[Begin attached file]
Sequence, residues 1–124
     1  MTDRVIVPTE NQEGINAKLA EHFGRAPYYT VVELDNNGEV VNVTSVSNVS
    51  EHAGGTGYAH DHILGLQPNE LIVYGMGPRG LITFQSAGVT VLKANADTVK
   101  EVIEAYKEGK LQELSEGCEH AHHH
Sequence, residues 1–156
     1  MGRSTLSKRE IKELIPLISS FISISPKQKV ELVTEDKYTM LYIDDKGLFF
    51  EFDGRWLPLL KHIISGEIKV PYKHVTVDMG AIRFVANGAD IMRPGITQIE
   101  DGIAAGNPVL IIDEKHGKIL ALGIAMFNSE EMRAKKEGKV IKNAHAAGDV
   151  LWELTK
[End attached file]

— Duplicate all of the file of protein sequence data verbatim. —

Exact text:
Sequence, residues 1–124
     1  MTDRVIVPTE NQEGINAKLA EHFGRAPYYT VVELDNNGEV VNVTSVSNVS
    51  EHAGGTGYAH DHILGLQPNE LIVYGMGPRG LITFQSAGVT VLKANADTVK
   101  EVIEAYKEGK LQELSEGCEH AHHH
Sequence, residues 1–156
     1  MGRSTLSKRE IKELIPLISS FISISPKQKV ELVTEDKYTM LYIDDKGLFF
    51  EFDGRWLPLL KHIISGEIKV PYKHVTVDMG AIRFVANGAD IMRPGITQIE
   101  DGIAAGNPVL IIDEKHGKIL ALGIAMFNSE EMRAKKEGKV IKNAHAAGDV
   151  LWELTK